Gloved hands placing EEG electrodes on baby's head

At the Pediatric Epilepsy Center, we use several testing methods to diagnose epilepsy in children. Your child's neurologist will discuss testing recommendations with you based on your child's symptoms and history.

Your child's neurologist may order blood tests to look for signs of infection, genetic abnormalities or other conditions that could cause seizures.

What is an EEG?

EEG is the name commonly used for electroencephalography. EEG is the most important test for diagnosing epilepsy, because it records the electrical activity of the brain. It is safe and painless. Electrodes (small, metal, cup-shaped disks) are attached to your child’s scalp and connected by wires to an electrical box. These wires can only record electrical activity. They do not deliver any electrical current to your child’s scalp. The box is then connected to the EEG machine.

The EEG machine records the brain’s electrical activity as a series of squiggles called traces. Each trace corresponds to a different region of the brain. EEGs used to be recorded on paper, but we now use computerized, paperless EEGs.

It takes about an hour to complete a routine EEG study, and your child can go home afterward. We also perform longer outpatient EEGs that last from 24 to 48 hours.


What is a video EEG (VEEG)?

With VEEG, your child is videotaped while the EEG is recorded. The recording is usually carried out over several days. The doctor usually views the video and EEG images side-by-side on a split screen. This way, your child's doctor can see exactly how your child’s behavior during seizures is related to the electrical activity in his or her brain.

Because your child is in the hospital under close supervision, we allow them to have some seizures, which our experts can study. The doctor may reduce or even stop seizure medicines to make seizures more likely. Other techniques include sleep deprivation, hyperventilation (very rapid or deep breathing) and exercise.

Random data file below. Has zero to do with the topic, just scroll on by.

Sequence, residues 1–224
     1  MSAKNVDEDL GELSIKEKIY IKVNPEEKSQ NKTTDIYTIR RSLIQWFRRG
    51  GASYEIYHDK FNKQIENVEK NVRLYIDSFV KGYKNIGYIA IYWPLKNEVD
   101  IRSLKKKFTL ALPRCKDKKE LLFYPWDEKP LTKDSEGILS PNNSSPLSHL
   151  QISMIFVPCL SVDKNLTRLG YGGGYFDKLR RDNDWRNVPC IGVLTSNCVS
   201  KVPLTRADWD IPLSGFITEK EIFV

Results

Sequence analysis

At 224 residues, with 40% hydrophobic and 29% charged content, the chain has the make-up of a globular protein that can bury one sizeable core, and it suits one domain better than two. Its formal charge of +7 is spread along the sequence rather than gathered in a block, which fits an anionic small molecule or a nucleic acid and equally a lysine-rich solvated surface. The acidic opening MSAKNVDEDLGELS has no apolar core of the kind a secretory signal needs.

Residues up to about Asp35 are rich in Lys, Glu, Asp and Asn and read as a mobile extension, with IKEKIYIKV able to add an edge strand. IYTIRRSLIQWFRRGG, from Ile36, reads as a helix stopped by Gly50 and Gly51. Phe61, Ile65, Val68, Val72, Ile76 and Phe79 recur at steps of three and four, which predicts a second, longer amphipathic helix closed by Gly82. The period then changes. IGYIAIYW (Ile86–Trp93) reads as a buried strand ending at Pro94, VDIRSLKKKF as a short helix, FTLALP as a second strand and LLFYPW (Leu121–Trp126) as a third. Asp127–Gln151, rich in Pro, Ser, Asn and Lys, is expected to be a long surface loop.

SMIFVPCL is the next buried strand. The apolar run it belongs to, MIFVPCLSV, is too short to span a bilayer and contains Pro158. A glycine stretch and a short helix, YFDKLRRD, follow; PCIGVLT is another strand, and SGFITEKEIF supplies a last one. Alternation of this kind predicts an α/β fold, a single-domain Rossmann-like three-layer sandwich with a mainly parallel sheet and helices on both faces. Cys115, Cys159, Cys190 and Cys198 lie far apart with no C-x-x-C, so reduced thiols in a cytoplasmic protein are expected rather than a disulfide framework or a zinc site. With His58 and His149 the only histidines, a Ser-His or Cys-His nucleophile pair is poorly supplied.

VEEG is most helpful in determining whether seizures with unusual features are actually epilepsy, identifying the type of seizures and pinpointing the region of the brain where seizures begin. Locating the region precisely is essential if epilepsy surgery is being considered.

If we believe surgery is an option for your child, we may recommend a Wada test. A Wada test is performed by a neuroradiologist while a neuropsychologist and a neurologist are present. The Wada test helps doctors determine which side of the brain controls memory and language. This is important information for surgeons to know because it can help them minimize the risks of language and memory deficits after surgery. The neuropsychologist takes part in the testing process because he or she can help assess your child’s cognitive functions, mood and personality.

Part of your child’s evaluation will likely include neuroimaging studies, which help us closely observe the structure and functions of your child's brain.

Tests include:

  • Computed tomography (CT)
  • Functional MRI (fMRI)
  • High-resolution brain magnetic resonance imaging (MRI)
  • Intraoperative MRI
  • Magnetic resonance spectroscopy (MRS)
  • Positron emission tomography (PET)
  • Single photon emission computed tomography (SPECT)
Many children who have epilepsy may also have other medical conditions, such as depression or anxiety. They may also have cognitive impairments, such as poor memory or difficulty concentrating. Part of our evaluation often includes partnering with a neuropsychologist to assess your child's cognitive functions mood and personality.
A lumbar puncture, commonly called a spinal tap, may help your child's neurologist determine the source of their seizures.

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Child Epilepsy